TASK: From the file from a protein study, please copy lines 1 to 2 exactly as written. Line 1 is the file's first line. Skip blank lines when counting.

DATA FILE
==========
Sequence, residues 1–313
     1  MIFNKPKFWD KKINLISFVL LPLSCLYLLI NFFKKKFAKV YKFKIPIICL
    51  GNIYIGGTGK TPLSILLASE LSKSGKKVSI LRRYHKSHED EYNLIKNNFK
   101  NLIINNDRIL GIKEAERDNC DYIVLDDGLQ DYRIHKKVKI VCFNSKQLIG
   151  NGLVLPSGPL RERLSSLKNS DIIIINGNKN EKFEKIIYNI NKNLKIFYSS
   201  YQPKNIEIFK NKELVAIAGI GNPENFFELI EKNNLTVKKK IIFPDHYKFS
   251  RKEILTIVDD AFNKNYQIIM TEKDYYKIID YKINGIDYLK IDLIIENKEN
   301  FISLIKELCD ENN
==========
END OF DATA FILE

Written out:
Sequence, residues 1–313
     1  MIFNKPKFWD KKINLISFVL LPLSCLYLLI NFFKKKFAKV YKFKIPIICL